This decade's investment: the agriculture play

Here are three basic ways for most investors to play a potential agriculture boom, two of them easy.

Orlin Wagner / AP
To cash in on the next likely economic shift, you can make money three ways: landowning, beans, or businesses. This farmer, who on Sept. 15 harvested one of his tracts of soy bean fields near Great Bend, Kan., is well positioned on the first two.

Farmer Brown here again. One of my key longer-term themes for growth investing is and has been the Agriculture Play for a few years now. The global demographics, while seemingly moving at a glacial pace to the short-term thinkers, are simply undeniable over the intermediate to longer term.

A recent landmark piece of research from Goldman Sachs suggests that stock market capitalization in emerging countries may grow fivefold over the next 20 years to more than $80 trillion. Keep in mind that this is the same research department that nailed owning the BRIC country stocks as the Market Call of the Last Decade.

More prosperity reaching the developing world (a majority of the earth's population) means a historic shift in the world's diet from simple grains to meats. The first thing a Third World peasant farmer-turned-industrialist goes upscale on is his food. And once you go chicken and beef, it's mighty hard to go back to sprouts. Unless you think that globalization and gentrification will reverse, this shift probably represents the most monumental investing opportunity of our lifetime.

The theme is becoming a well-known one, but now we've reached the juncture where we must ask the age old question of "What's the trade?". If there was one takeaway from the book The Greatest Trade Ever, it's that lots of folks saw the housing and mortgage crash coming, but only a few figured out how to express that awareness into a profitable trade.

The Ag Story is every bit as fat a pitch coming down Broadway for investors as the real estate crash was. The flash food riots that rippled around the globe briefly in early 2008 were likely a mere preamble to something much bigger, but how do we set ourselves up for it? The considerations here are getting the timing right, owning the correct vehicles, staying perspicacious in the event that the winners start breaking away from the pack early and, finally, having enough bases covered that you don't nail the theme but miss the upside (also known as mis-expressing the trade).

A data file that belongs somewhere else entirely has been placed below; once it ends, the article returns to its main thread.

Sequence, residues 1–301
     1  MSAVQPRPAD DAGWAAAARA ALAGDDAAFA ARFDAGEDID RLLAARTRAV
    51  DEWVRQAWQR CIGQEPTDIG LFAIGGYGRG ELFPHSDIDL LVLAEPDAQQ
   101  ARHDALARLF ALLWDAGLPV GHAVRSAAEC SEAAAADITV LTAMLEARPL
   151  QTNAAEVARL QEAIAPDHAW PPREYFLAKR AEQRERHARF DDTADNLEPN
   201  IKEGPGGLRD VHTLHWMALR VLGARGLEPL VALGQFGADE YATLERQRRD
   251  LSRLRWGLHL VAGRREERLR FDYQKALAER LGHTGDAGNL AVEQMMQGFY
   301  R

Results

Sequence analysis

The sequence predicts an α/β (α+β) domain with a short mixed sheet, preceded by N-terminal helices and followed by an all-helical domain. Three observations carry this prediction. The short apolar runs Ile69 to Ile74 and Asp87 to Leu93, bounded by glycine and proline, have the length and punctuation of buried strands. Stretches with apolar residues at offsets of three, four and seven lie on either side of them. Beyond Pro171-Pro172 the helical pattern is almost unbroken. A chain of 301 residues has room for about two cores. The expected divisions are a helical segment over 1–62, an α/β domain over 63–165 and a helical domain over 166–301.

Gradually, there are three schools of thought emerging on how to play the Ag Trade. I will give you a brief idea of what they are and then encourage you to do your own research, as always. I don't do advice or tips on this site, that's my day job.

Anyway, here are the three most common faces of the Ag Trade:

1. The Landowner

This is a "trade" that has been put on almost accidentally by many commercial farmers and small rural business owners. They have unsuspectingly woken up in many cases to have found that their farmland has actually been the best-performing asset class in the country for the past decade.

Anecdotally speaking, several clients of mine in the grain and soybean belts have been consolidating the tracts of others for years now in the absence of any readily discernible opportunities in "stupid stocks". Over the last year or so, the hedge funds have begun to plow in (pun intended) as well; Connecticut and Manhattan finance types are making land deals in the Heartland like never before.

2. Seeds and Beans and Husks and Bushels

A second common way that investors are seeking to cash in on the coming Agriculture investment cycle is through commodities and futures themselves. The vehicle you will most commonly hear about in this context is the PowerShares Deutsche Bank Agriculture ($DBA).

Launched 3 and a half years ago during the 2007 Bull Market in Everything, DBA is essentially a basket of agricultural commodities, like wheat, corn, cocoa, sugar, soybeans and even lean hogs. These are held in the form of futures contracts which are continuously rolled over. The ETF basically allows stock investors to potentially benefit from any rise in the prices of these farm products without having to actually buy land, bring in a harvest and go to market (or learn to trade futures).

3. Agribusiness Tycoon

The third (and most common) play we're seeing investors put on to get involved with the Ag Trade would be through the businesses themselves, publicly-traded farm outfits in the stock market. This can be accomplished by owning the names directly or through yet another ETF, this one holding the companies' stocks as opposed to futures contracts on commodities.

The most popular fund of this type is called the MarketVectors AgriBusiness ETF and it comes complete with a cutesy ticker symbol ($MOO). MOO holds shares in companies like seed science firm Monsanto ($MON), grain producer Archer Daniels Midland ($ADM), tractor giant Deere ($DE) and fertilizer maker Mosaic ($MOS). Theoretically, should a major expansion of higher-grade food demand sweep the globe, investors would bet that the goods and services that these agribusinesses offer would become a lot more valuable, along with their stocks.


For most investors, buying tracts of arable land in the US or in places like Africa (where China has begun to buy up farms) is not very realistic. This is why many will chose one of the other two options to express the trade - the Beans or the Businesses. Use this post as your inspiration to research other vehicles and plays on this theme if you agree with me that it could be one of the young decade's most important.

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